After indicating that he understood the terms of the guilty plea agreement as outlined above, Defendant cannot now assert that he believed that he was guaranteed eligibility for or acceptance into the boot camp program and that trial counsel induced him to plead guilty by misrepresenting those matters to him. The record makes clear that trial counsel made no guarantee to Defendant that he was eligible for or would be accepted into boot camp. To the contrary, trial counsel expressed on the record his awareness that Defendant may not be eligible for the boot camp program based upon the nature of the instant charges and the length of the sentence imposed and negotiated the Commonwealth’s agreement not to oppose placement in the boot camp program in the off-chance that the state correctional institution would accept Defendant into the program. While Defendant obviously is not pleased that his ineligibility for the program, a likelihood that was communicated to him by the Court, finally was conveyed to him by the state correctional institution, Defendant understood that the only term of the plea agreement pertaining to the boot camp program was that the Commonwealth would not oppose it in the unlikely event that he was deemed eligible for it. Defendant cannot establish on this record that his guilty plea was involuntarily or unknowingly entered because the likelihood came to fruition. Moreover, Defendant has not asserted that he would not have pled guilty but for his belief that he was guaranteed eligibility for or acceptance into the boot camp program. Therefore, even if we had jurisdiction to consider the merits of the allegations of error in Defendant’s PCRA Petition, they would warrant him no relief.
Pa.R.Crim.P. Rule 907(1) governs the disposition of a meritless PCRA petition without a hearing. Rule 907(1) provides:
“the judge shall promptly review the petition, any answer by the attorney for the Commonwealth, and other matters of record relating to the defendant’s claim(s). If the judge is satisfied from this review that there are no genuine issues concerning any material fact and that the defendant is not entitled to post-conviction collateral relief, and no purpose would be served by any further proceedings, the judge shall give notice to the parties of the intention to dismiss the petition and shall state in the notice the reasons for the dismissal. The defendant may respond to the proposed dismissal within 20 days of the date of the notice. The judge thereafter shall order the petition dismissed, grant leave to file an amended petition, or direct that the proceedings continue.”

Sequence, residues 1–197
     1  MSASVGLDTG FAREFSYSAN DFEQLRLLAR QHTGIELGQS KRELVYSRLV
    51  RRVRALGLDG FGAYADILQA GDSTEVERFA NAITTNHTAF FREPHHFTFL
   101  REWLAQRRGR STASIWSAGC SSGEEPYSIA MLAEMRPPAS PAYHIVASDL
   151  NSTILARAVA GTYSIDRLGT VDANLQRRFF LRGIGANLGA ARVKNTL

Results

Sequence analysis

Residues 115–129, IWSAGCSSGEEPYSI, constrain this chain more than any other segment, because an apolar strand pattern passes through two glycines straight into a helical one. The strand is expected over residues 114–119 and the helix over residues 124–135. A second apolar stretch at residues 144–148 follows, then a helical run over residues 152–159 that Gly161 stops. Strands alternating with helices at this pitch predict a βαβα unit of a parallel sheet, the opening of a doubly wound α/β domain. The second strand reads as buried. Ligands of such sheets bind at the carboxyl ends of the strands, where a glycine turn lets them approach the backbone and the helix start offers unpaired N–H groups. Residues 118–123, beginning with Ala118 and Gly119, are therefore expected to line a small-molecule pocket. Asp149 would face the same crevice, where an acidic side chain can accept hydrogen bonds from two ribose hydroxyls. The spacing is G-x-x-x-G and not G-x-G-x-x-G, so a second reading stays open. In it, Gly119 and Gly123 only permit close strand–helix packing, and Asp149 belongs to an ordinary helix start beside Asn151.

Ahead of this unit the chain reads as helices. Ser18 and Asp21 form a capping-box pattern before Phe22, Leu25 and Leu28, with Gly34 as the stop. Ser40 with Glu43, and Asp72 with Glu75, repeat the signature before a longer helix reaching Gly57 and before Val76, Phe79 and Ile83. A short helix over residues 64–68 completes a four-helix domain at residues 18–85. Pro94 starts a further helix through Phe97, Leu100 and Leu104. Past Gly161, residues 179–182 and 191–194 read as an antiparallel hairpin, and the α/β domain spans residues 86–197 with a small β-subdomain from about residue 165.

In this case, based upon our review of the record and Defendant’s PCRA Petition, we are without jurisdiction to address the merits of the Petition as a result of its untimeliness. Additionally, the responses provided by Defendant in his guilty plea colloquies belie any assertion that Defendant’s guilty plea was unknowingly or involuntarily entered. As such, we are satisfied that there would be no purpose served by any further proceeding. Accordingly, we intend to dismiss Defendant’s Petition without a hearing. Defendant will be afforded twenty (20) days from the date of this Order to file a Response to the proposed dismissal that sufficiently sets forth any statutory basis upon which we have jurisdiction to entertain his untimely Petition and factual and legal grounds upon which he is entitled to PCRA relief. In the event that Defendant fails to file a Response to the proposed dismissal as directed herein, we will deny Defendant relief and will dismiss his PCRA Petition without a hearing.
We will enter an appropriate Order.
 The executed guilty plea colloquy reflects that Defendant agreed to plead guilty to all of the charges in exchange for the imposition of an aggregate sentence of five (5) to ten (10) years’ imprisonment in a state correctional institution, with any sentence imposed at action number CP-38-CR-0001976-2005 to be served concurrently with this sentence, and the Commonwealth’s agreement not to oppose placement in the boot camp program. At action number CP-38-CR-0001976-2005, Defendant was charged with Aggravated Assault and related charges resulting from Defendant’s alleged resistance when law enforcement attempted to take him into custody on the within charges. Following dismissal of some of those charges, Defendant pled guilty to charges of Terroristic Threats, Simple Assault, Resisting Arrest and Disorderly Conduct and received an aggregate sentence of one (1) month to two (2) years’ imprisonment. That sentence was directed to be served concurrently with the sentence imposed at the within action number.
 Hereafter, we collectively refer to Defendant’s pro se and Amended PCRA Petitions as “Defendant’s PCRA Petition.”
 At the time of the offenses, the Motivational Boot Camp Act was codified at 61 P.S. § 1121 et seq. The Motivational Boot Camp Act was amended on August 11, 2009, effective October 13, 2009, and re-numbered as 61 Pa.C.S. § 3901 et seq. In addressing Defendant’s PCRA Petition, we consider the version of the Act that was in effect on the date(s) when the offenses were committed.